Download A Trajectory Description of Quantum Processes. II. by Ángel S. Sanz PDF

By Ángel S. Sanz

Trajectory-based formalisms are an intuitively attractive means of describing quantum approaches simply because they permit using "classical" strategies. starting as an introductory point compatible for college students, this two-volume monograph offers (1) the basics and (2) the purposes of the trajectory description of uncomplicated quantum methods. This moment quantity is focussed on easy and easy functions of quantum approaches comparable to interference and diffraction of wave packets, tunneling, diffusion and bound-state and scattering difficulties. The corresponding research is conducted in the Bohmian framework. via stressing its interpretational points, the booklet leads the reader to an alternate and complementary approach to greater comprehend the underlying quantum dynamics.

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Extra resources for A Trajectory Description of Quantum Processes. II. Applications: A Bohmian Perspective

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The same time-dependence is obtained if Gaussian integrations are carried out in the corresponding ratio instead of evaluating it at (x, y) = (0, 0). 116) for high temperatures. Two time regimes can be then considered: γ t 1 (short time) and γ t 1 (long time). 117) which corresponds to the wave packet spreading in the absence of dissipation. 8 Quantum Zeno and Anti-Zeno Effects 41 where the prefactor is the thermal velocity in two dimensions. 119) with v2 = 2 kB T + . 121) which is the standard short-time, t 2 -behavior usually associated with QZE.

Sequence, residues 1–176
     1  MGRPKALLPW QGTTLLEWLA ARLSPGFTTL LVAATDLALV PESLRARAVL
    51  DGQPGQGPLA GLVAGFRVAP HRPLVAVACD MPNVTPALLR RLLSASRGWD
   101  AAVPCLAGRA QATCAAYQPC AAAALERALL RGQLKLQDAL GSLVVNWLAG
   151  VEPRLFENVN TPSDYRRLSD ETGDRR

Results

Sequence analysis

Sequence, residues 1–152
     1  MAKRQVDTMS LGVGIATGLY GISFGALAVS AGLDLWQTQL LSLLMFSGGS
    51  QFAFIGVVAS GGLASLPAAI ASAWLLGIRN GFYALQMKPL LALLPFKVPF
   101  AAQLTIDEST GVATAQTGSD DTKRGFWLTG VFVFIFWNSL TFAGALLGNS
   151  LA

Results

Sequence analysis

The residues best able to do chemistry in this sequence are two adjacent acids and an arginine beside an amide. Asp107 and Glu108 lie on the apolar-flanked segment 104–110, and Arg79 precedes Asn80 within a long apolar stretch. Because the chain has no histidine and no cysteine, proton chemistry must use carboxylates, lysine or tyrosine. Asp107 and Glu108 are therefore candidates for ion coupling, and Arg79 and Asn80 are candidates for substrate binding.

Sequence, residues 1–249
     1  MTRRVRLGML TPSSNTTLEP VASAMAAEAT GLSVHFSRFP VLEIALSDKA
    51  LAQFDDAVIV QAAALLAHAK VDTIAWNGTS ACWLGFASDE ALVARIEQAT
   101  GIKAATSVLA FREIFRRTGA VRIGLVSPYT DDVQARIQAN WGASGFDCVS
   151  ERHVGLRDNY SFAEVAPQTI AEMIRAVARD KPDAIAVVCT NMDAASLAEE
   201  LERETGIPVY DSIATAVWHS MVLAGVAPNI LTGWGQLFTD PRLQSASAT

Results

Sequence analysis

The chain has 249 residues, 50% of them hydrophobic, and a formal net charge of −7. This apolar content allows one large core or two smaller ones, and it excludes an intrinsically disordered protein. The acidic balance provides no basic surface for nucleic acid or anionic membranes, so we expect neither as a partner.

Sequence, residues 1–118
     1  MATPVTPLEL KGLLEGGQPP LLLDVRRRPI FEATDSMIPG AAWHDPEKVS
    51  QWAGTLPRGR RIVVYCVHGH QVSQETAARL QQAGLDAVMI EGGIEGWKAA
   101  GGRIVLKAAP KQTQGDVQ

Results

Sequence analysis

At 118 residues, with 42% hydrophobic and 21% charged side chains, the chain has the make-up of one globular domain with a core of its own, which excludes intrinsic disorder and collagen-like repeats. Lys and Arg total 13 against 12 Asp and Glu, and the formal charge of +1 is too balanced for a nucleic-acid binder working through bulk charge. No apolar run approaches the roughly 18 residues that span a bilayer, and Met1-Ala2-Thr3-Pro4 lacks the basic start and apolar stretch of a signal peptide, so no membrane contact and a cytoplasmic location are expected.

The inhibition of the evolution of a quantum system, though, was already noted by von Neumann [70] and others—an excellent account on the historical perspective of the QZE can be found in [67]. From an experimental viewpoint, this effect was formerly detected by Itano et al. [71] considering the oscillations of a two-level system, a modification suggested by Cook [72] of the original theoretical proposal. Nonetheless, the first experimental evidences with unstable systems, as originally considered by Misra and Sudarshan, were observed later on by Raizen’s group [73, 74].

Consider first p0 = 0. 102) which is nearly three times larger than τ . According to the standard scenario, provided that Δt is smaller than τZ , one should observe QZE. However, the characteristic time τ also plays a key role: as shown below, QZE is observable provided that measurements are performed at time intervals much shorter than the time scales ruling the wave-packet linear spreading regime. Otherwise, only AZE will be observed. 103) 1 + 2(p0 /ps )2 which implies that, in order to observe QZE, the time intervals Δt between two consecutive measurements have to be even shorter (apart from the fact that the con√ dition p0 /ps 1/ 2 should also be satisfied).

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